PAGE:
24/7 Space News
AI-driven tool makes it easy to personalize 3D-printable models
illustration only
AI-driven tool makes it easy to personalize 3D-printable models
by Adam Zewe for MIT News
Boston MA (SPX) Sep 18, 2023

As 3D printers have become cheaper and more widely accessible, a rapidly growing community of novice makers are fabricating their own objects. To do this, many of these amateur artisans access free, open-source repositories of user-generated 3D models that they download and fabricate on their 3D printer.

But adding custom design elements to these models poses a steep challenge for many makers, since it requires the use of complex and expensive computer-aided design (CAD) software, and is especially difficult if the original representation of the model is not available online. Plus, even if a user is able to add personalized elements to an object, ensuring those customizations don't hurt the object's functionality requires an additional level of domain expertise that many novice makers lack.

To help makers overcome these challenges, MIT researchers developed a generative-AI-driven tool that enables the user to add custom design elements to 3D models without compromising the functionality of the fabricated objects. A designer could utilize this tool, called Style2Fab, to personalize 3D models of objects using only natural language prompts to describe their desired design. The user could then fabricate the objects with a 3D printer.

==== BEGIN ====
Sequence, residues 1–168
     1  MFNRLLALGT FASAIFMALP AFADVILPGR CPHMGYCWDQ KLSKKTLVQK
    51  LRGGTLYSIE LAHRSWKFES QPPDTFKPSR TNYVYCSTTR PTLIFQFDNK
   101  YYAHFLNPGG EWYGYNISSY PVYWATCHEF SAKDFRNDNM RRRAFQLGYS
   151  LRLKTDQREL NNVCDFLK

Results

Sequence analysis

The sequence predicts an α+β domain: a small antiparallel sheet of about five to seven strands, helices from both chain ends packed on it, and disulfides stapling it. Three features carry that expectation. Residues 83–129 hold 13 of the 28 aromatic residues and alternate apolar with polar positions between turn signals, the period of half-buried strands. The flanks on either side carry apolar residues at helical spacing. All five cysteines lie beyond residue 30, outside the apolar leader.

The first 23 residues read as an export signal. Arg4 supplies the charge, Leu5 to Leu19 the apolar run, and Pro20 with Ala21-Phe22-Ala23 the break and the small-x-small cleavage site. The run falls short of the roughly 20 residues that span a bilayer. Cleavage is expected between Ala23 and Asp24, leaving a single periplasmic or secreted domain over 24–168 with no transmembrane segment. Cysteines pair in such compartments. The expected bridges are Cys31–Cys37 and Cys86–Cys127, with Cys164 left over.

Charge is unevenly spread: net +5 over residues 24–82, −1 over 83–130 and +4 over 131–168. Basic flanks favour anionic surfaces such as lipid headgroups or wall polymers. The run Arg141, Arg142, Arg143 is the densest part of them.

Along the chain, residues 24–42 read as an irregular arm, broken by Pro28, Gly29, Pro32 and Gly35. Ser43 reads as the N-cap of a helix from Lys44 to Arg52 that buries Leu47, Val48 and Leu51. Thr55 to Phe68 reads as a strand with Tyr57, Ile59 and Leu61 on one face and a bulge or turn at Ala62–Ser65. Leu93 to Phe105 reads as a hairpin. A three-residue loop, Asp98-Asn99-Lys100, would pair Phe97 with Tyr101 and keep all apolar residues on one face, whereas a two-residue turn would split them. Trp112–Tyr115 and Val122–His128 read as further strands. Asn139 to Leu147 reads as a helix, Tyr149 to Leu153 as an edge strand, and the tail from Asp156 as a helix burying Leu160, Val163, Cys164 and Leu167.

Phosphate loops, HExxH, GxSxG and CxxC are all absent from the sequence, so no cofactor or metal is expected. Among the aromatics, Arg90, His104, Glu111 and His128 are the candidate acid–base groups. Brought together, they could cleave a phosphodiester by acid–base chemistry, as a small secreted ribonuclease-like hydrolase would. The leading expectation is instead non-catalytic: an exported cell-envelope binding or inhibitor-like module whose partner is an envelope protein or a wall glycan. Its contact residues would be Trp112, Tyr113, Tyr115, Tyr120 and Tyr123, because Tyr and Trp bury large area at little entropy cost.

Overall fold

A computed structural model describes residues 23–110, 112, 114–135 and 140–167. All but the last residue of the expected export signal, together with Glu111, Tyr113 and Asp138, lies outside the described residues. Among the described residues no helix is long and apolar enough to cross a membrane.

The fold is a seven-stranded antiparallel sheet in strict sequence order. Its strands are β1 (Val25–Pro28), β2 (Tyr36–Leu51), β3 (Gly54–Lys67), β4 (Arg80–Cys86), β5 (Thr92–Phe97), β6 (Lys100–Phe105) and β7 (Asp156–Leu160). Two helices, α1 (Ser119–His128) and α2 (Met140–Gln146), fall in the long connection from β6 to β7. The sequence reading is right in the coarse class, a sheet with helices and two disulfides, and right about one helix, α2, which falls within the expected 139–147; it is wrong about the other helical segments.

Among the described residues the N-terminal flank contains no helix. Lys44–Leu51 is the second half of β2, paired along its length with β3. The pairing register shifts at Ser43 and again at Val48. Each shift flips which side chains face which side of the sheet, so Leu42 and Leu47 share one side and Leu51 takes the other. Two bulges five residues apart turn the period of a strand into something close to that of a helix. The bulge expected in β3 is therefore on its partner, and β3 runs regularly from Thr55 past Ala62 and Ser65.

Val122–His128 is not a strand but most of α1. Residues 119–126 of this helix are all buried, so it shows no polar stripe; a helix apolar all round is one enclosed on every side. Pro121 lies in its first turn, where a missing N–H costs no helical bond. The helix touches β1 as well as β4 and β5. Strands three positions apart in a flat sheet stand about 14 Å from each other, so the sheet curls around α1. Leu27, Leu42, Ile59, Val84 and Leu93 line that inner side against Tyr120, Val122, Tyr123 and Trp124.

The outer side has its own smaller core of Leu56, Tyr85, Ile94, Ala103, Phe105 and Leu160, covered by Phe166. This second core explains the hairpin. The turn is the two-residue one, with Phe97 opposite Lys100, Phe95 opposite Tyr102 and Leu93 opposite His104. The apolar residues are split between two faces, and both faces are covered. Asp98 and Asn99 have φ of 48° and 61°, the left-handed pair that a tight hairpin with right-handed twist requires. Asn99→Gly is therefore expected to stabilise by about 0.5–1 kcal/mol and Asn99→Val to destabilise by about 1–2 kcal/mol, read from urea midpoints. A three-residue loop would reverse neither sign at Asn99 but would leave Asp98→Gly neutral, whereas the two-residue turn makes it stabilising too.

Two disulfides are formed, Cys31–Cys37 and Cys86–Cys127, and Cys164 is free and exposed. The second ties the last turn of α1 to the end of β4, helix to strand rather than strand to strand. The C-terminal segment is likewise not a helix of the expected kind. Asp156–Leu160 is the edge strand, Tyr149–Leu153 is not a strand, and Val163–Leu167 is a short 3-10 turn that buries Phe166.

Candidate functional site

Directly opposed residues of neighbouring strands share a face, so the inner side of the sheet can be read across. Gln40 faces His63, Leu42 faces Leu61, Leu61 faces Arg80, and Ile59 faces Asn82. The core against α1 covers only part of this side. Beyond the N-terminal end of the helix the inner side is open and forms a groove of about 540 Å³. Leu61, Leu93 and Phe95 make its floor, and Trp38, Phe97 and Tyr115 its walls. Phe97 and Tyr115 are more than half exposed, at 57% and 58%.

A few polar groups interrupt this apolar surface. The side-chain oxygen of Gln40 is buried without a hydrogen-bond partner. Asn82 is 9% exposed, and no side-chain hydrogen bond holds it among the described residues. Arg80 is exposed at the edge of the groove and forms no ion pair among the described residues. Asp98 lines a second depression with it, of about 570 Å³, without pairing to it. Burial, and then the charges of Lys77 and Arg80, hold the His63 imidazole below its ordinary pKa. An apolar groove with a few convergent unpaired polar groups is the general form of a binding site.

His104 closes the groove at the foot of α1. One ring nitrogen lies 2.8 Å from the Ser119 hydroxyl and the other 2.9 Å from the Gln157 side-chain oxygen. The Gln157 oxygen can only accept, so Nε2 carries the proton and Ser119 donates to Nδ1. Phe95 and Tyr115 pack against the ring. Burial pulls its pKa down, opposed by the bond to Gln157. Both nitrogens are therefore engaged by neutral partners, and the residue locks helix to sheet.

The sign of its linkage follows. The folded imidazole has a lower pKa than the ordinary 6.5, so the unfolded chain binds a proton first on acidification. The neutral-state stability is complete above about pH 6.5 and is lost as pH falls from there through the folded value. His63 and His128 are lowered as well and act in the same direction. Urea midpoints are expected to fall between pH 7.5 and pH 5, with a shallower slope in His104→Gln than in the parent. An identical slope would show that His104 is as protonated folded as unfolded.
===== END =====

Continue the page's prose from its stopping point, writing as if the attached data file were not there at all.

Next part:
"For someone with less experience, the essential problem they faced has been: Now that they have downloaded a model, as soon as they want to make any changes to it, they are at a loss and don't know what to do. Style2Fab would make it very easy to stylize and print a 3D model, but also experiment and learn while doing it," says Faraz Faruqi, a computer science graduate student and lead author of a paper introducing Style2Fab.

Style2Fab is driven by deep-learning algorithms that automatically partition the model into aesthetic and functional segments, streamlining the design process.

In addition to empowering novice designers and making 3D printing more accessible, Style2Fab could also be utilized in the emerging area of medical making. Research has shown that considering both the aesthetic and functional features of an assistive device increases the likelihood a patient will use it, but clinicians and patients may not have the expertise to personalize 3D-printable models.

With Style2Fab, a user could customize the appearance of a thumb splint so it blends in with her clothing without altering the functionality of the medical device, for instance. Providing a user-friendly tool for the growing area of DIY assistive technology was a major motivation for this work, adds Faruqi.